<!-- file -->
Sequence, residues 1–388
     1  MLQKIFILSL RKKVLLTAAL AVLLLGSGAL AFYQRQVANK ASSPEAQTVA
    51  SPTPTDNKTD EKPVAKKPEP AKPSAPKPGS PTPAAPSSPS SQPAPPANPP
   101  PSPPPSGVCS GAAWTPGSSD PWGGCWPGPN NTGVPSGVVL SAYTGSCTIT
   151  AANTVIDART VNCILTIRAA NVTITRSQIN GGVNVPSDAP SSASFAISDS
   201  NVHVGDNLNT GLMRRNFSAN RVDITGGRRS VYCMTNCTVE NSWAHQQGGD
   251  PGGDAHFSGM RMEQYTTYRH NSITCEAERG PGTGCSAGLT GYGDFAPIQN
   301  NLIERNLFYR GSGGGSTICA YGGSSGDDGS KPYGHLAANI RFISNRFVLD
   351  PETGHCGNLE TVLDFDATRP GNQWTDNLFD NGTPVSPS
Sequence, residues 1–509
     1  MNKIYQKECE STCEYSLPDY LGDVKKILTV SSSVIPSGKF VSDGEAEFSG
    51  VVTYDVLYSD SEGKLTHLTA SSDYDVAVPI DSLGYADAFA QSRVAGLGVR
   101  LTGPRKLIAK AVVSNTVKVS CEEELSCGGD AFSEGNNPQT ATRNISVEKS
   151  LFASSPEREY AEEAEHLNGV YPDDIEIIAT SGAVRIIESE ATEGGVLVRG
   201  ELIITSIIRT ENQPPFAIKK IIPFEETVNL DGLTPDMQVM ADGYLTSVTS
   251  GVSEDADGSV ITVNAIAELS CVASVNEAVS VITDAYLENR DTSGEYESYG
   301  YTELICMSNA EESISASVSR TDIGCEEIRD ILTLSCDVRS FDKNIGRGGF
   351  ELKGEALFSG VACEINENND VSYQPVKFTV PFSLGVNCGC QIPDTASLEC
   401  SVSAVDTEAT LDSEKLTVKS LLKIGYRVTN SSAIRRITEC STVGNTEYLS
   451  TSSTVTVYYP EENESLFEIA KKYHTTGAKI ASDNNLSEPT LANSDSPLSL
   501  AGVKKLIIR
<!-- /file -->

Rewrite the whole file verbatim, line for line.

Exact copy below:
Sequence, residues 1–388
     1  MLQKIFILSL RKKVLLTAAL AVLLLGSGAL AFYQRQVANK ASSPEAQTVA
    51  SPTPTDNKTD EKPVAKKPEP AKPSAPKPGS PTPAAPSSPS SQPAPPANPP
   101  PSPPPSGVCS GAAWTPGSSD PWGGCWPGPN NTGVPSGVVL SAYTGSCTIT
   151  AANTVIDART VNCILTIRAA NVTITRSQIN GGVNVPSDAP SSASFAISDS
   201  NVHVGDNLNT GLMRRNFSAN RVDITGGRRS VYCMTNCTVE NSWAHQQGGD
   251  PGGDAHFSGM RMEQYTTYRH NSITCEAERG PGTGCSAGLT GYGDFAPIQN
   301  NLIERNLFYR GSGGGSTICA YGGSSGDDGS KPYGHLAANI RFISNRFVLD
   351  PETGHCGNLE TVLDFDATRP GNQWTDNLFD NGTPVSPS
Sequence, residues 1–509
     1  MNKIYQKECE STCEYSLPDY LGDVKKILTV SSSVIPSGKF VSDGEAEFSG
    51  VVTYDVLYSD SEGKLTHLTA SSDYDVAVPI DSLGYADAFA QSRVAGLGVR
   101  LTGPRKLIAK AVVSNTVKVS CEEELSCGGD AFSEGNNPQT ATRNISVEKS
   151  LFASSPEREY AEEAEHLNGV YPDDIEIIAT SGAVRIIESE ATEGGVLVRG
   201  ELIITSIIRT ENQPPFAIKK IIPFEETVNL DGLTPDMQVM ADGYLTSVTS
   251  GVSEDADGSV ITVNAIAELS CVASVNEAVS VITDAYLENR DTSGEYESYG
   301  YTELICMSNA EESISASVSR TDIGCEEIRD ILTLSCDVRS FDKNIGRGGF
   351  ELKGEALFSG VACEINENND VSYQPVKFTV PFSLGVNCGC QIPDTASLEC
   401  SVSAVDTEAT LDSEKLTVKS LLKIGYRVTN SSAIRRITEC STVGNTEYLS
   451  TSSTVTVYYP EENESLFEIA KKYHTTGAKI ASDNNLSEPT LANSDSPLSL
   501  AGVKKLIIR